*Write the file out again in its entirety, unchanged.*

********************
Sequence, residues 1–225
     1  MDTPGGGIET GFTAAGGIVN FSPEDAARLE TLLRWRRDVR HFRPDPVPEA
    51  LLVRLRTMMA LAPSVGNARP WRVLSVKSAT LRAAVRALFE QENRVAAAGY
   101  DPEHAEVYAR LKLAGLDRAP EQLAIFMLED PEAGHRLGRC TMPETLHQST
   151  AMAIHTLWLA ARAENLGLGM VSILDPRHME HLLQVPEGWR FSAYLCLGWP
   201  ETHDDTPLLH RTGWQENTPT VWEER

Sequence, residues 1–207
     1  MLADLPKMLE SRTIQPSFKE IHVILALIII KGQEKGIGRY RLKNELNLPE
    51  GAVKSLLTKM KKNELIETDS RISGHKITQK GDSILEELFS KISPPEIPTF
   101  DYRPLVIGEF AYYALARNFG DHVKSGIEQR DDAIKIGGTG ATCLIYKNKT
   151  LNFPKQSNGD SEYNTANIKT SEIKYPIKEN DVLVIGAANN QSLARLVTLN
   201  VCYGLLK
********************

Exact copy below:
Sequence, residues 1–225
     1  MDTPGGGIET GFTAAGGIVN FSPEDAARLE TLLRWRRDVR HFRPDPVPEA
    51  LLVRLRTMMA LAPSVGNARP WRVLSVKSAT LRAAVRALFE QENRVAAAGY
   101  DPEHAEVYAR LKLAGLDRAP EQLAIFMLED PEAGHRLGRC TMPETLHQST
   151  AMAIHTLWLA ARAENLGLGM VSILDPRHME HLLQVPEGWR FSAYLCLGWP
   201  ETHDDTPLLH RTGWQENTPT VWEER

Sequence, residues 1–207
     1  MLADLPKMLE SRTIQPSFKE IHVILALIII KGQEKGIGRY RLKNELNLPE
    51  GAVKSLLTKM KKNELIETDS RISGHKITQK GDSILEELFS KISPPEIPTF
   101  DYRPLVIGEF AYYALARNFG DHVKSGIEQR DDAIKIGGTG ATCLIYKNKT
   151  LNFPKQSNGD SEYNTANIKT SEIKYPIKEN DVLVIGAANN QSLARLVTLN
   201  VCYGLLK